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They are, however, a cost of development.
Our clients often ask us what is a reasonable and proportionate contribution relative to the impact of a development? We are also regularly asked about the robustness of capacity assessments and assumptions relied upon when councils request developer education contributions. This has led to our Economics team undertaking over 40 education assessments over the last year and a half on behalf of our developer clients.
Our education assessment work across the country has highlighted to us a number of issues which regularly arise and which can result in overstatement of the need for contributions, or even act as a justification for not permitting development. This can lead to higher costs of development arising, or in the most severe cases act as a brake on development. In the face of a pressing need to deliver more homes to meet housing need, neither are desirable outcomes.
The common issues that we encounter include:
These are all challengeable issues, but require robust evidence in the form of an education assessment to be successful. This need not be an adversarial process, and many common issues with education capacity assessments and S106 requests can be resolved through early dialogue, sharing of robust and credible data and effective negotiation. In the rare instances where education matters are a reason for refusal of a planning permission, having a robust education assessment is imperative in appealing a decision successfully.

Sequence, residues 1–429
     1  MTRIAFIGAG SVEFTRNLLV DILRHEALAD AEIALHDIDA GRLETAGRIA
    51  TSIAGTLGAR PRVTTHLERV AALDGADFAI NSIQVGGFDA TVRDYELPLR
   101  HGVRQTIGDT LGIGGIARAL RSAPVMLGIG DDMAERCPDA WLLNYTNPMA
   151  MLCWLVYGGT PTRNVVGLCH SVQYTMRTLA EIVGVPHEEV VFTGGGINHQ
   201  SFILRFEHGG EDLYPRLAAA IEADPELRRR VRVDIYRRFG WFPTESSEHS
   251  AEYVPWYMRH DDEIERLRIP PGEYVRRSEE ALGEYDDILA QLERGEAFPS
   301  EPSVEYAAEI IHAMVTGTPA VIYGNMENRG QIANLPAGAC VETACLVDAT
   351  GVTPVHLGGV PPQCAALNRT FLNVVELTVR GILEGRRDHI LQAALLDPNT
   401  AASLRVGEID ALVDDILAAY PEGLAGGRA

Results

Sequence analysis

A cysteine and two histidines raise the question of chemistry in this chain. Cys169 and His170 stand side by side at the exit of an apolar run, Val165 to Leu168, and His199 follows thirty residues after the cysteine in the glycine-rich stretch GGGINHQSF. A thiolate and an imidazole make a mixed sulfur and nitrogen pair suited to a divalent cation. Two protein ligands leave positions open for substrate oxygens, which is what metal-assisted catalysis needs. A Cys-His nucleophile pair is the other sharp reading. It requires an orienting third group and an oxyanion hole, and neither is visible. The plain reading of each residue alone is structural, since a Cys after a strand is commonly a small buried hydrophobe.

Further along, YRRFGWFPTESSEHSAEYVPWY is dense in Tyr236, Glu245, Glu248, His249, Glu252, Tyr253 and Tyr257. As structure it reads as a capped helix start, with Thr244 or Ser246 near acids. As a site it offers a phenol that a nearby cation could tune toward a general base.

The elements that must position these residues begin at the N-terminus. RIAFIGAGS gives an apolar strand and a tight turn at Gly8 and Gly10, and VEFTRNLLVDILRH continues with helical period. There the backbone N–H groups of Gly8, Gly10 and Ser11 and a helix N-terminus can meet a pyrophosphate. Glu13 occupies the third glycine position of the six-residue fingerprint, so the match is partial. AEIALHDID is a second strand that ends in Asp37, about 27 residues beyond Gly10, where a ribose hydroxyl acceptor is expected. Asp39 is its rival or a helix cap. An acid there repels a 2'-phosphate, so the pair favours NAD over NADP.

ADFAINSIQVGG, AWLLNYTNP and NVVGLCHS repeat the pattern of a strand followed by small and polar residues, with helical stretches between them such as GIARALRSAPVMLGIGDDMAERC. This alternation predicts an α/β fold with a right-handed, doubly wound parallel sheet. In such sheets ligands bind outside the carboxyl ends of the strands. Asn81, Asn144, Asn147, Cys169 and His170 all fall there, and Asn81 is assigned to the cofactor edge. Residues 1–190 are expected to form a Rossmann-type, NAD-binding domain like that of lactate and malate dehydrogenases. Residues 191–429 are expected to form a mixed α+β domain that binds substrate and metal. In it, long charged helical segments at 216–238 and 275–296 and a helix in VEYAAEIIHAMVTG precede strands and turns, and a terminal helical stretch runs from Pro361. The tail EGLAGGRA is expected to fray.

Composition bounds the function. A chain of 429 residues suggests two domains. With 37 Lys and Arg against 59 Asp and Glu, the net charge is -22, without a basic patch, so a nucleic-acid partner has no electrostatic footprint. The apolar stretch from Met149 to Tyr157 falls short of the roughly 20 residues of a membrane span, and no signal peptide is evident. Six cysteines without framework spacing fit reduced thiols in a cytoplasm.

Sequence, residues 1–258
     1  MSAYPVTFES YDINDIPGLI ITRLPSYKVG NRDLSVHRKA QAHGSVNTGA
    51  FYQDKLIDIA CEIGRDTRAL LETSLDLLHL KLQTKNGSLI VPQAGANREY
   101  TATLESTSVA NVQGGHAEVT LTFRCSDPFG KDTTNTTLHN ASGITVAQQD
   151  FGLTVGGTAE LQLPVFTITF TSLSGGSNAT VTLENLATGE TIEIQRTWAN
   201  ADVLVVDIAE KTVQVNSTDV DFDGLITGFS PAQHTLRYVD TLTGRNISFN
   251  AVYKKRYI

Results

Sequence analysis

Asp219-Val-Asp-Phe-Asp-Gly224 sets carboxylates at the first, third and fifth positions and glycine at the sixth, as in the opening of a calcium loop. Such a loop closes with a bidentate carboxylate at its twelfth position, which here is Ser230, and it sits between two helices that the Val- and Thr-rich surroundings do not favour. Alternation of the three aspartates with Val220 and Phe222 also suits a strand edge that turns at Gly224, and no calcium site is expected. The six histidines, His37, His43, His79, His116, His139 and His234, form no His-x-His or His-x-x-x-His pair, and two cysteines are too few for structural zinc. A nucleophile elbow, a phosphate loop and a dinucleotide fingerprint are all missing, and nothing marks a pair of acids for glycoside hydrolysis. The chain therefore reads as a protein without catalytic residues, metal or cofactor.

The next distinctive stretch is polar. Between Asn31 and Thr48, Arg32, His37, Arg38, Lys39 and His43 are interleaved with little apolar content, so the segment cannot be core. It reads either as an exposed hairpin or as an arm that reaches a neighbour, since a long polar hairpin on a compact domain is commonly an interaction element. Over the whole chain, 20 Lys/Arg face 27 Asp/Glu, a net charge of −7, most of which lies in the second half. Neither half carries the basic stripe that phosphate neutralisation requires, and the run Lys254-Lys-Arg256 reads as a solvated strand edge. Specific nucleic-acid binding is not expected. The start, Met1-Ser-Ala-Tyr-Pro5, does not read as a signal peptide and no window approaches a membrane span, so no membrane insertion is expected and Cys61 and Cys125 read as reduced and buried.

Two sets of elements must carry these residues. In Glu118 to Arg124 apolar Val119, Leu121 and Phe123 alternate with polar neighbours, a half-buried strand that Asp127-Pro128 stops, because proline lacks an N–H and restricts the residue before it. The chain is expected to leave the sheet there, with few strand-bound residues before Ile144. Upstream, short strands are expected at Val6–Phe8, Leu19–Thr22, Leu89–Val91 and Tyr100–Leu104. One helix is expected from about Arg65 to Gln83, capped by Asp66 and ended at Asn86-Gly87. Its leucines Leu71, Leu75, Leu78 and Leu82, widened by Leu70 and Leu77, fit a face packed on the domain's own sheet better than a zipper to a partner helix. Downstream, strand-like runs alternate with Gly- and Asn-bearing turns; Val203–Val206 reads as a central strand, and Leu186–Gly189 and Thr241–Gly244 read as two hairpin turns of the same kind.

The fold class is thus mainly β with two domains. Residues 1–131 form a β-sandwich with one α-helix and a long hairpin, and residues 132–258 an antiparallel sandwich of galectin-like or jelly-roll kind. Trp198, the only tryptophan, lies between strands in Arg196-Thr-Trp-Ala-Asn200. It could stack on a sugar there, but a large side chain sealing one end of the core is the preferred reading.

Our experience has enabled our clients to:
Our Planning team also helps clients to deliver education facilities. Contact Sara Dutfield if you would like more information.
More information can be found here:
24 May 2018
Senior Planner, Economics
Assistant Planner, Economics